When was the last time you reviewed your credit history? If it was more than 12 months ago, it’s time to do it again. That’s because each day, new information, sometimes unknown to you, makes its way into your report. This information can include queries about your credit (from credit card providers, cell phone companies, car rental companies and even no Teletrack payday loan companies). Sometimes you never authorized these queries. Sometimes information is entered in error. Any of these items count against your credit score.
The standard for summarizing your credit is the Fair Isaac Score or FICO. And most loans, mortgages and even automobile insurance can be tied to it. What is especially unfortunate is that we, as consumers, don’t have a rubric that defines how our score is computed. All that we know is that the score involves a breakdown using these approximate percentages: payment history (35%), outstanding debt coupled with available credit lines (30%), length of credit history (15%), types of credit in use (10%) and recent inquiries to your credit (10%). But how any individual entry on our history counts remains a trade secret.
The only weapon we have is to keep constant tabs on our credit reports and ensure that the information is at accurate. The three main credit bureaus (Trans-Union, Experian and Equifax) are under obligation to review and correct erroneous information, but only AFTER you bring it to their attention.
So, let’s assume that you paid off a mortgage two years ago, but the information still shows on your credit report. You now move and are getting ready to purchase a new home. You can almost count on lengthy delays as you work to clean up this situation. If interest rates are changing, you may find that you miss a lock-in window and have to pay a higher rate. And, in the worst-case scenarios, you may get charged a higher interest rate or cannot even qualify for the loan.
The easiest way to keep tabs on your credit is via annualcreditreport.com. This site is supported by the three main credit bureaus and allows you one free credit report from each bureau annually. That means you and your spouse, partner or significant other are each entitled three reports every twelve months. If you spread the reports out so that you order one each every 4 months, you can monitor your credit annually for free.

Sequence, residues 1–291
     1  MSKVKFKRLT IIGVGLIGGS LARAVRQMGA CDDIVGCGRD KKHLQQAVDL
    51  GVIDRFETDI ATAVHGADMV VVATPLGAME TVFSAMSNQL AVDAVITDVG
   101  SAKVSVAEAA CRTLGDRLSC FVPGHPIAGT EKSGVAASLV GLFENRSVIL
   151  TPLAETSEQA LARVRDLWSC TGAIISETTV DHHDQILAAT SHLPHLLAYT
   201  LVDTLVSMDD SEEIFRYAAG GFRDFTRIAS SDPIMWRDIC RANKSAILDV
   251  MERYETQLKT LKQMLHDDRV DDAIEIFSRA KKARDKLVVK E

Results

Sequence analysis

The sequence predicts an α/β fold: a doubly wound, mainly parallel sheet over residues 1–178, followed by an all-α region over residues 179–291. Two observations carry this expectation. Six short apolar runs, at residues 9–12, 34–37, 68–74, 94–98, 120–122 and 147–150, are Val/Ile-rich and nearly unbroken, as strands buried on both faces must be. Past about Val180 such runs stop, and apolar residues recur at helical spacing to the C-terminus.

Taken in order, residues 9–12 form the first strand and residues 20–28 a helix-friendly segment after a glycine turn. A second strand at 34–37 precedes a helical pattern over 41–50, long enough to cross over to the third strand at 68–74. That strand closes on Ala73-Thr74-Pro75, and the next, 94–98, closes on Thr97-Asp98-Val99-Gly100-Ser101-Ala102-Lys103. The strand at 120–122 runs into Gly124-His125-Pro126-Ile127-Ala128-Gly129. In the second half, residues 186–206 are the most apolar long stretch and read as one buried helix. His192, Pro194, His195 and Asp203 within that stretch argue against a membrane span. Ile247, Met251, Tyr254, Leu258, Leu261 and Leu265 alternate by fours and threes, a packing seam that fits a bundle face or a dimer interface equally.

You can also request free credit reports from all the credit bureaus should you ever be denied credit.
You can also subscribe to various credit report access, credit monitoring services and/or identity protection services. Each of the three credit bureaus and other third-party providers offers these for a fee. But, be careful what you pay for and what you get. For example, if you order identity theft, you don’t get credit monitoring. The Free Credit Report dot Com site charges $14.95 per month for their 3-bureau service. Somehow that really isn’t “free.”
Once you get your reports, you really have to plow through them. Look for any errors or omissions. This can include the spelling of your name, an erroneous address, and/or a late payment that wasn’t late. Look for credible sources that you have paid off, canceled, or otherwise removed from use. Note that some credit cards may only be listed by the last 4 digits of the card; others may show credit card company account numbers, which may be different from your card number.
If you find anything (absolutely anything) that needs to be updated, contact the credit bureau in writing and request that they repair and/or update the information. Along with your “dispute” letter, provide copies of any documentation that will help them do this. For example, if you have paid off a credit card and have a letter from the credit card company “thanking you for being such a loyal customer and that they are sorry you closed account # – – -,” send a copy. Be sure to send your letter via certified mail or Fed-Ex to ensure that the credit bureau receives it.
Alternatively, you can contact the mortgage or credit card company and have them send off the updated information. American Express is especially good in this department.
Credit bureaus have 30 days to act on your request to correct erroneous information. If the bureau cannot refute the information, you can still add a personal statement (limit 100 words) to your credit report.
You should then follow-up and request a new credit report about 60 days later to ensure that the error or omission has been fixed.
Several years ago, my stepson discovered that he had a blemish on his credit history. It involved a payment to a utility company. He had taken care of the situation but found out that the utility company and/or the credit bureau had not. It took him months of interaction to resolve the matter and get the credit report cleaned up.
Finally, if your credit history is tarnished, be wary of paying someone to fix it. You can only fix what is fixable. You cannot remove truthful information because you don’t like it.
So, if your credit is good or great, keep it that way; if it needs attention, there’s no better time than right now to get started. Go to AnnualCreditReport and follow their prompts. You can order your bureau reports online, by phone or through the mail. If you work to maintain your credit history, I think you’ll be happy with the results.…